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Challenge to Alabama, Georgia Laws

Compose

FOR IMMEDIATE RELEASE
March 1, 2012

CONTACT
Adela de la Torre, National Immigration Law Center (NILC), (213) 400-7822; delatorre@nilc.org
Vesna Jaksic, ACLU national, or (212) 549-2666 or (347) 514-3984; media@aclu.org
Apreill Hartsfield, Southern Poverty Law Center (SPLC), (334) 956-8458;
     apreill.hartsfield@splcenter.org
Laura Rodriguez, MALDEF, (310) 956-2425; lrodriguez@rabengroup.com
Azadeh Shahshahani, ACLU of Georgia, (404) 574-0851; ashahshahani@acluga.org
Olivia Turner, ACLU of Alabama (334) 538-7614; oturner@aclualabama.org
B. Loewe, National Day Laborer Organizing Network (NDLON), (773) 791-4668; bloewe@ndlon.org
Leonie Campbell-Williams, Asian American Justice Center, a member of the Asian American
     Center for Advancing Justice (202) 492-4591; lcampbell@advancingequality.org
LatinoJustice PRLDEF

Civil Rights Groups Ask Eleventh Circuit U.S. Court of Appeals to Block Anti-Immigrant Laws in Georgia and Alabama

Hearings Represent First Eleventh Circuit Legal Test for Draconian Anti-Immigrant Laws

ATLANTA — The U.S. Court of Appeals for the Eleventh Circuit today heard arguments from civil rights attorneys in the legal challenges to Georgia’s and Alabama’s extreme anti-immigrant laws.

A panel of three judges were told that the laws, Georgia’s HB 87 and Alabama’s HB 56, endanger public safety; invite racial profiling of Latinos, Asians, and others who appear foreign; and interfere with federal law.

“The Alabama and Georgia anti-immigrant laws have created a police state where citizens and immigrants alike are subject to inquisitions during traffic stops, and state employees and ordinary people are asked to view their neighbors with suspicion,” said Cecillia Wang, director of the ACLU Immigrants’ Rights Project. “The U.S. Constitution does not tolerate such intrusions on our liberty.”

The two cases represent the first civil rights challenges to pernicious anti-immigrant legislation to reach the U.S. Court of Appeals for the Eleventh Circuit. The coalition of civil rights group asked the court to leave in place an injunction against major provisions of the Georgia law and to halt implementation of the worst elements of the Alabama law.

“Today we asked the court to strike down both the Alabama and Georgia anti-immigrant laws as unconstitutional,” said Mary Bauer, legal director for the Southern Poverty Law Center. “Both of these laws have trampled on civil rights and encouraged rampant prejudice against immigrants — especially Latinos — without regard to status.”

In Georgia, as in Arizona, Utah, Indiana, and South Carolina, a federal district court blocked several provisions of the state’s anti-immigrant law, including one that would have authorized law enforcement officers to demand “papers” of individuals in a variety of settings, from going into effect. In Alabama, however, major components of HB 56 were allowed to take effect. The calls that subsequently flooded a coalition-created legal hotline painted a picture of immediate widespread discrimination and rights violations.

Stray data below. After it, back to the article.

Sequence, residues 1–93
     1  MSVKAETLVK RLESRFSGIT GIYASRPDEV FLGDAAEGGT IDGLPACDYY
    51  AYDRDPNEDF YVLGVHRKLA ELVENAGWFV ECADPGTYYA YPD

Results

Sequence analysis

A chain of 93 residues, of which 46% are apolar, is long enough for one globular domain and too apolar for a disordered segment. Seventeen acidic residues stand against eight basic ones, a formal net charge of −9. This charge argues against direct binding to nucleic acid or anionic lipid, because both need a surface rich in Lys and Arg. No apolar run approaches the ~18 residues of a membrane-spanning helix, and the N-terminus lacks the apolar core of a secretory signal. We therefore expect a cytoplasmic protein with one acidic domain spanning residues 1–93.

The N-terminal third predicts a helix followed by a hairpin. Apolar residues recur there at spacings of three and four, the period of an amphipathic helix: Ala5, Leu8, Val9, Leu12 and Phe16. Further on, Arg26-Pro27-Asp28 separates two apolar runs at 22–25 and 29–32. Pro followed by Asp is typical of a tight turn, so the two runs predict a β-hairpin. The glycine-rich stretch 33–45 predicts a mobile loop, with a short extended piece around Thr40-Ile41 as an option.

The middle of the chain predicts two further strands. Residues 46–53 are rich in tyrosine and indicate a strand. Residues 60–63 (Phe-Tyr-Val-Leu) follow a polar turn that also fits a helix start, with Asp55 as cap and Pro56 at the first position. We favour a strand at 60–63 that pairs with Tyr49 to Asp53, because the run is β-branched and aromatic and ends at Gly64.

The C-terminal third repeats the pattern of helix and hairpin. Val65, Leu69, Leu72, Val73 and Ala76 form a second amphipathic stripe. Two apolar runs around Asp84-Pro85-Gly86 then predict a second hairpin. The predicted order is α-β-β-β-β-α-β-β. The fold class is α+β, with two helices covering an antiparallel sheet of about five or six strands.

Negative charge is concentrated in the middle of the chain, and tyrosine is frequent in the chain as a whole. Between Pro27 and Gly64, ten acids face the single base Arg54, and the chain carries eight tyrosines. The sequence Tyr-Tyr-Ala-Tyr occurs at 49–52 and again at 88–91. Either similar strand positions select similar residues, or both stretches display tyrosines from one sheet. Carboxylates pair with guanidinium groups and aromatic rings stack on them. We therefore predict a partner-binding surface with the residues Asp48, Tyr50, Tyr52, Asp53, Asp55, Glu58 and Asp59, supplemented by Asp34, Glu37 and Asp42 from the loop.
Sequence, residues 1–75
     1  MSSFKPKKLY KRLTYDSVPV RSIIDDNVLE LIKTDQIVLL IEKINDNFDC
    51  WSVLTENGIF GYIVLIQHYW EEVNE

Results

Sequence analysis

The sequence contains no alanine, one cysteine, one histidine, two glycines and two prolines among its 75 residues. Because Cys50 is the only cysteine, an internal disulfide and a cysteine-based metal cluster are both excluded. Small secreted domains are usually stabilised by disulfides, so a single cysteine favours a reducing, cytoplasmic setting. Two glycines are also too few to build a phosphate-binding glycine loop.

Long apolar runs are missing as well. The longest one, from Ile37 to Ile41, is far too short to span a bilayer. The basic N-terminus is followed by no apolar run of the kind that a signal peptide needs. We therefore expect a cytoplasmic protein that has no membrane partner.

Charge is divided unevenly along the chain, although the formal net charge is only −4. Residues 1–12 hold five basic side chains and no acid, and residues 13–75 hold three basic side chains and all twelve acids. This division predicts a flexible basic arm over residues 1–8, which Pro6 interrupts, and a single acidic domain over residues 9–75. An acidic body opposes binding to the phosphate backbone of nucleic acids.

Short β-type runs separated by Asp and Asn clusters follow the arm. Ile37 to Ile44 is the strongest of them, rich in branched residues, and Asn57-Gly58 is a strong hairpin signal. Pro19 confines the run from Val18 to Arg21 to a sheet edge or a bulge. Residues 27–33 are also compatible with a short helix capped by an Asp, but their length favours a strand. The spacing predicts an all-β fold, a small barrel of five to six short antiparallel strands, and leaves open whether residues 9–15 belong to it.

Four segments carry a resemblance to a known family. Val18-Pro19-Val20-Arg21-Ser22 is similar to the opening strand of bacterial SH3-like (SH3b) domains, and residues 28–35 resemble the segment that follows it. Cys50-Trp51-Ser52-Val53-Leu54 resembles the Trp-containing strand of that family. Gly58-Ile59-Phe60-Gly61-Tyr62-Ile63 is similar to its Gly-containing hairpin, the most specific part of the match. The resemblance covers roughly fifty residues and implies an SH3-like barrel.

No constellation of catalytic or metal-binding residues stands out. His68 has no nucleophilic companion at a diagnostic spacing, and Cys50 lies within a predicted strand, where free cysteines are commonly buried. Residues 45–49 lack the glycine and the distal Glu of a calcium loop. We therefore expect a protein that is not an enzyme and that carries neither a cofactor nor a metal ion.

“Alabama presents a cautionary tale for any state looking to impose its own immigration law upon its inhabitants,” said Linton Joaquin, general counsel at the National Immigration Law Center. “Citizens as well as immigrants in Alabama have suffered tremendous rights violations from an unconstitutional law that threatens our most cherished freedoms. The Eleventh Circuit can and should stop this law before it causes further damage to Alabama’s society and economy, and the court should affirm the injunction that prevents Georgians from undergoing the same irreparable violations suffered by their neighbors.”

Debbie Seagraves, executive director of the ACLU of Georgia, said: “With all the pressing issues facing our state and our country, it is a shame that our legislature thinks that criminalizing acts of charity and neighborliness is a good use of their time. I have faith that this mean-spirited law will not remain on the books in our state.”

Until the appeals court issues a decision, the lower courts’ rulings in both cases will remain in effect.

“Alabama and Georgia are home to burgeoning Asian American communities, and we are deeply concerned that HB 56 and HB 87 will only cause more fear and isolation among these communities,” said Marita Etcubañez, director of programs at the Asian American Justice Center, a member of the Asian American Center for Advancing Justice (Advancing Justice). “Asian Americans have a long history of being targeted with exclusionary policies like these; this is a civil rights crisis and this must not happen in America again.”

Jessica Karp, Staff Attorney with the National Day Laborer Organizing Network, said, "The anti-immigrant laws in Georgia and Alabama are cruel, misguided, and racist. They are also unconstitutional. As attorneys in the courtroom enumerated the many legal infirmities of these hate laws, the rallies outside gave testament to the devastating effect the laws have had on Georgia and Alabama families and the growing strength of the political opposition."

For more information about the coalition’s challenge to HB 87, visit http://nilc.org/hb87.html.

For more information about the coalition’s challenge to HB 56, visit http://nilc.org/hb56hvb.html.

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